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What’s happening in Oklahoma is not OK for the animals

Sad looking Yorkshire terrier The Oklahoma State House of Representatives recently passed bill HB 2250 with the specific intent of preventing national animal welfare organizations from advancing humane policies and practices within the state.

HB 2250 prohibits national animal organizations from raising money in Oklahoma for any purpose outside the state or any “animal rights” organization from raising money in Oklahoma for political purposes inside or outside the state. It should be noted that there is no formal or legal distinction between animal rights, animal welfare and animal protection organizations.

Puppy mills, which are plentiful in the state, would be protected by this bill, as would other factory farming practices. Likewise, efforts by national organizations to tighten laws related to dogfighting and cockfighting would be curtailed. Oklahoma was the last state to outlaw cockfighting. The same goes for wildlife and equine issues.

It doesn’t stop there. If passed by the Oklahoma Senate, HB 2250 would have the effect of restricting Oklahomans’ ability to support national and international animal issues and stifling their ability to choose the charities and charitable work they support.

While such a law would clearly violate First Amendment guarantees of freedom of speech on the part of national animal organizations, challenging such laws in court is onerous and expensive — unconstitutional or not.

The hypocrisy of this type of legislative overreach in a state where elected officials rail against big government would be comical, if its impact weren’t so damaging.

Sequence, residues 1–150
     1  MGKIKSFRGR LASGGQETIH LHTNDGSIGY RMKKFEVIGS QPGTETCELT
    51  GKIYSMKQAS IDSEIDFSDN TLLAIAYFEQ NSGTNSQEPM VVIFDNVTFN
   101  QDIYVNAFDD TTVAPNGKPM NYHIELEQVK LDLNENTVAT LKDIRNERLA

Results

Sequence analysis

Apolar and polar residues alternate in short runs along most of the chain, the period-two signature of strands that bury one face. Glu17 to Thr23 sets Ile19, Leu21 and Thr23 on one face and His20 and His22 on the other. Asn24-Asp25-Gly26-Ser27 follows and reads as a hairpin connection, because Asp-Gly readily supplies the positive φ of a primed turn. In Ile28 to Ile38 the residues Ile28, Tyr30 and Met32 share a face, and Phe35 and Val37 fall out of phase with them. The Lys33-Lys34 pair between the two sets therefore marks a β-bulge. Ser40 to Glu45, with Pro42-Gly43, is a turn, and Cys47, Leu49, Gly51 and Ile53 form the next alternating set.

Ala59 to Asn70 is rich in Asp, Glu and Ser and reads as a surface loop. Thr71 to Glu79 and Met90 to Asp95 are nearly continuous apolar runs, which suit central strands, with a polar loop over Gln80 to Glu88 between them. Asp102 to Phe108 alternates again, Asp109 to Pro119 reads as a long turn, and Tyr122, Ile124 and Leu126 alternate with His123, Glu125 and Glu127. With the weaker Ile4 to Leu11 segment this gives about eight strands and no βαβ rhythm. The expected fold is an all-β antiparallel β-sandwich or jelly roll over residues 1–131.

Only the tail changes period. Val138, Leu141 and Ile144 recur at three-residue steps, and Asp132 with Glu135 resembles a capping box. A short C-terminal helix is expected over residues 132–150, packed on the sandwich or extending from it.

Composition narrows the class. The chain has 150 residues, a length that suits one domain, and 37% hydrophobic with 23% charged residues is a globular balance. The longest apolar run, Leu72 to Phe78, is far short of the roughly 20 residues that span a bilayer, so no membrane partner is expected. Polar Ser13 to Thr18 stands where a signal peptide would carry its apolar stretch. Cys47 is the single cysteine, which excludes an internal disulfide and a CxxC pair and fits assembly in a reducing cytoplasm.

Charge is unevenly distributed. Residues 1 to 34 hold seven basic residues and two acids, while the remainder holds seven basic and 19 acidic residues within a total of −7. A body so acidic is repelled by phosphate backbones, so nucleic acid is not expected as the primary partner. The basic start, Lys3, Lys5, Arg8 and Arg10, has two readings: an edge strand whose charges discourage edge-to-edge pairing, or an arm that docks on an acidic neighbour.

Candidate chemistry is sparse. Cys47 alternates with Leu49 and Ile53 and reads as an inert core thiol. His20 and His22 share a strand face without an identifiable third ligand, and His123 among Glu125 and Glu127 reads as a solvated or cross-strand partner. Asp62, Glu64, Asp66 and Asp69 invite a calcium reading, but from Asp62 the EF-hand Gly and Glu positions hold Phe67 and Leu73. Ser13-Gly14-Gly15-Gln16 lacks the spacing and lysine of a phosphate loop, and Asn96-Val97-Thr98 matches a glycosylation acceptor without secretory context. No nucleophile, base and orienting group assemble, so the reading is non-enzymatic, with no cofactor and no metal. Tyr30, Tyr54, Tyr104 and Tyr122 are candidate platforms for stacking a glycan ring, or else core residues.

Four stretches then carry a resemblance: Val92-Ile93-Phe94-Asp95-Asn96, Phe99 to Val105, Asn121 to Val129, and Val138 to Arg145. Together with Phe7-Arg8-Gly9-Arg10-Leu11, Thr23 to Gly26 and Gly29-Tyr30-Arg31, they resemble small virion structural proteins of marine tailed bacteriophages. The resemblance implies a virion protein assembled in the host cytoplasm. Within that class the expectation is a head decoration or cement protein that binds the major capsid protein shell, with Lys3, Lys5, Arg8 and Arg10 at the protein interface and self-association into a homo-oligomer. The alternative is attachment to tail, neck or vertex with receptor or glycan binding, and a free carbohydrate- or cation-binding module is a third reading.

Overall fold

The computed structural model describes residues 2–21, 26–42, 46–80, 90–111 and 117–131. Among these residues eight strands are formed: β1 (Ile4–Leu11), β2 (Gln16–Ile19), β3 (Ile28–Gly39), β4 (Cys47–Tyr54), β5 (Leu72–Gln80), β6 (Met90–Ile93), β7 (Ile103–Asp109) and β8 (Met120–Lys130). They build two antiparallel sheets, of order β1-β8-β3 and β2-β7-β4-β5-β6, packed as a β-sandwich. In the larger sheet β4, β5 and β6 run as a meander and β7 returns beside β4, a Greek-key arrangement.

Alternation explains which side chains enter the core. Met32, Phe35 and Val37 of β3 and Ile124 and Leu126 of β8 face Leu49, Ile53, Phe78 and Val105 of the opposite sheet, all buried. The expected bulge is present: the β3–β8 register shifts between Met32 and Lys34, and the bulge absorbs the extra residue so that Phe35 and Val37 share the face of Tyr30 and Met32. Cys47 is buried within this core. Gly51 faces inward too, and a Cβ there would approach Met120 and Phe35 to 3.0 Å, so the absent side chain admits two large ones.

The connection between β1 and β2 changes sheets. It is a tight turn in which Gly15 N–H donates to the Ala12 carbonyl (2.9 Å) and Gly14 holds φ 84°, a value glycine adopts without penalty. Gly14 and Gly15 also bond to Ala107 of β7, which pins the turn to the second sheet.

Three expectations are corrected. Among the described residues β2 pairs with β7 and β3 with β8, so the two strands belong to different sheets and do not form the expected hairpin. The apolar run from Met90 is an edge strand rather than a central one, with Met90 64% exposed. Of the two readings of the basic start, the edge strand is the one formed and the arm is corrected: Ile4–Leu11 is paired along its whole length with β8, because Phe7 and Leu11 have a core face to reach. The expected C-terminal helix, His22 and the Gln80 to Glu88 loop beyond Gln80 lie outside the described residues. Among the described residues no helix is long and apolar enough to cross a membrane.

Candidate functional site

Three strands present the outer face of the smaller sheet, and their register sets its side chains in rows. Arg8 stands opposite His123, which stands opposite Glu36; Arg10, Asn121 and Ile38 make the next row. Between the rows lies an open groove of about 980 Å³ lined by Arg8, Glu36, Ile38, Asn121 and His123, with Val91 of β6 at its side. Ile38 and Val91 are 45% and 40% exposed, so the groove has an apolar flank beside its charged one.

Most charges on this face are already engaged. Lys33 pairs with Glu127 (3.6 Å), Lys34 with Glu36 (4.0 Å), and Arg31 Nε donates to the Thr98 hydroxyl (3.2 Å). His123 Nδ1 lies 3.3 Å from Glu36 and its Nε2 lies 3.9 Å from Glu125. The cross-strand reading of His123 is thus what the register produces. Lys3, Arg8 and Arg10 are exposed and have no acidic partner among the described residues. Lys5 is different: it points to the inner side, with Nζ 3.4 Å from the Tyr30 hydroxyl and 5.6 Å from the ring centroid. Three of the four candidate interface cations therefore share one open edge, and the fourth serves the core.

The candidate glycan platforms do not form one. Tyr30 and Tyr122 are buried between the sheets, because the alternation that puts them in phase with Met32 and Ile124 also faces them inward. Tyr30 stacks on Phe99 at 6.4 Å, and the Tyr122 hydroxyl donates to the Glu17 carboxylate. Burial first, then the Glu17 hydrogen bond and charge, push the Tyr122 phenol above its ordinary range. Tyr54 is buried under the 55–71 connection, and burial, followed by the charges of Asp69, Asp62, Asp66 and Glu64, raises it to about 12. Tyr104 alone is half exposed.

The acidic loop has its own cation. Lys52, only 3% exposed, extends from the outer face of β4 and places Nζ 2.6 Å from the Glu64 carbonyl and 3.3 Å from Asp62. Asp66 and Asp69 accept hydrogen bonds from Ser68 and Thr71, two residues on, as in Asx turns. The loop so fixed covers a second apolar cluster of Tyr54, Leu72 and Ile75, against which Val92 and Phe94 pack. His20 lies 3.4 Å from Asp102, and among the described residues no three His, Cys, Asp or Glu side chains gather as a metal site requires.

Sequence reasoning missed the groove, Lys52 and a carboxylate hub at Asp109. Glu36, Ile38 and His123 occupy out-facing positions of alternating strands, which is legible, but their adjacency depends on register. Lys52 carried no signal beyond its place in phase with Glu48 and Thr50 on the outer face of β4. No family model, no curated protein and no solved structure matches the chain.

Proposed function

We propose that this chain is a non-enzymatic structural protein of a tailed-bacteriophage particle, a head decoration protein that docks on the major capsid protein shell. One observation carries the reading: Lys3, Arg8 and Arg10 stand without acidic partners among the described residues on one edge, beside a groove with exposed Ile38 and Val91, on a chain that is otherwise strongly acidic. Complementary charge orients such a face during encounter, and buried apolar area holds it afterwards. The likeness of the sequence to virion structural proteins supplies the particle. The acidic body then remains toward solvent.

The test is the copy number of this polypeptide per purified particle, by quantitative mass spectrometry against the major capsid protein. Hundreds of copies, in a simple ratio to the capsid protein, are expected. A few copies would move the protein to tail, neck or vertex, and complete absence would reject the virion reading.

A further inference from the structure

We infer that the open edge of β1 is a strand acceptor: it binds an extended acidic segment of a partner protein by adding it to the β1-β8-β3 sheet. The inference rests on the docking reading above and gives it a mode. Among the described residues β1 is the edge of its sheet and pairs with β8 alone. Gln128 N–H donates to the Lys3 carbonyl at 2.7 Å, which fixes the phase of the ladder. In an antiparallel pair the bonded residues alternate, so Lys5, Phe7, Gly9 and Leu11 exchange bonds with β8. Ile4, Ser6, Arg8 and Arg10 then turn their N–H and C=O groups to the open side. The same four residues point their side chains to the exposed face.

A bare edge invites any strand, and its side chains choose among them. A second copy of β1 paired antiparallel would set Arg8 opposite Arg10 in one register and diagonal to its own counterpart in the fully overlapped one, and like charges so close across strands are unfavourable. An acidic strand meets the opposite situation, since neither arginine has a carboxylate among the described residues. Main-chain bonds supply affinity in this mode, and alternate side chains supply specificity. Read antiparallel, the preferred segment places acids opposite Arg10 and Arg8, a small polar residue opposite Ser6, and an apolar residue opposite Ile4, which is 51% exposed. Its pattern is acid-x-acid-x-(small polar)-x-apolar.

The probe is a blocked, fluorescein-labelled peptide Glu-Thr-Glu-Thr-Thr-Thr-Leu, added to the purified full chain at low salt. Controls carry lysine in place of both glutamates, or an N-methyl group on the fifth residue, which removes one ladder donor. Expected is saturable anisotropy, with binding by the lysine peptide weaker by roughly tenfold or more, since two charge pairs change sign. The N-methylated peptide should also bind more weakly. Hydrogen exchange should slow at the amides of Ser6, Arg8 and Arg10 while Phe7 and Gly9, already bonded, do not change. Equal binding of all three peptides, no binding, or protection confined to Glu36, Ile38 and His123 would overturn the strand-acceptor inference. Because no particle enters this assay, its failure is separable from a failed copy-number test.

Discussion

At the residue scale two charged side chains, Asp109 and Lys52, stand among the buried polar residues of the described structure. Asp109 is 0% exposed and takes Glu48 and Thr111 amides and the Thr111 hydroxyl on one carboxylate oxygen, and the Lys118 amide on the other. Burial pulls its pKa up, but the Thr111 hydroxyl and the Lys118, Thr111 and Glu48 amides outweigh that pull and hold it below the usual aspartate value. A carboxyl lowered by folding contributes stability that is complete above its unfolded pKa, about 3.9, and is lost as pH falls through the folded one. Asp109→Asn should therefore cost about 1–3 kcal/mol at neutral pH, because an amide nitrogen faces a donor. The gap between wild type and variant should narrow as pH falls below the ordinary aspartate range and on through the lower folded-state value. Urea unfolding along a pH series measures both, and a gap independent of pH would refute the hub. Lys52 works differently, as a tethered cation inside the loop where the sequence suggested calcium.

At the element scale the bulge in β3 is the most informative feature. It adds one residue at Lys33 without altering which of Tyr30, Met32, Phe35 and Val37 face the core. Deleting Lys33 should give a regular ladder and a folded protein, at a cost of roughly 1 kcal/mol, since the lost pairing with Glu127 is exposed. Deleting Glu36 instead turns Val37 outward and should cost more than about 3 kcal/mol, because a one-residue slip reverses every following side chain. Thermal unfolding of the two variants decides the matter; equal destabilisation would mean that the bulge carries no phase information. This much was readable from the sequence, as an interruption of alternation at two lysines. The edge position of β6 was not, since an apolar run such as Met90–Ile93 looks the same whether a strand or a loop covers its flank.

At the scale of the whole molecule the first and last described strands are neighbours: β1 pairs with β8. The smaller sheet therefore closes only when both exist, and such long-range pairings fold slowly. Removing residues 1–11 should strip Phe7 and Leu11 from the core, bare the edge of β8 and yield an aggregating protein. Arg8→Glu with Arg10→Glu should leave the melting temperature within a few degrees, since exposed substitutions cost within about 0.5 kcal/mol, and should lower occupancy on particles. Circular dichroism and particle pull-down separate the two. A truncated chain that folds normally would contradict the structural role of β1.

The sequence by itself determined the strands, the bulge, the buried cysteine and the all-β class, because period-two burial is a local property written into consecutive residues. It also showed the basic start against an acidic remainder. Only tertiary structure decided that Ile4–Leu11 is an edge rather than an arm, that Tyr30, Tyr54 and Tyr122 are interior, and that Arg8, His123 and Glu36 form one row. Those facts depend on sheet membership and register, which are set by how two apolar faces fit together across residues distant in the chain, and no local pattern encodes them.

The agriculture industry profits off the pain of the animals trapped within its practices. Pain and suffering are the immediate and automatic consequences of treating living, feeling intelligent animals like commodities to be crowded, prodded, bred, sold and slaughtered like unfeeling objects. These practices are wrong, and the agriculture industry knows that when the public becomes aware of such practices, they oppose them.

It’s not animal welfare organizations that the agriculture industry should fear. Rather they should fear the public, the smartphone and the universal demand for transparency.

To paraphrase a great American: “They can run but they can’t hide.”

Together, we will Save Them All.

If you live in Oklahoma, please take action now.

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Gregory Castle, CEO emeritus, Best Friends Animal Society Gregory Castle
CEO emeritus
Best Friends Animal Society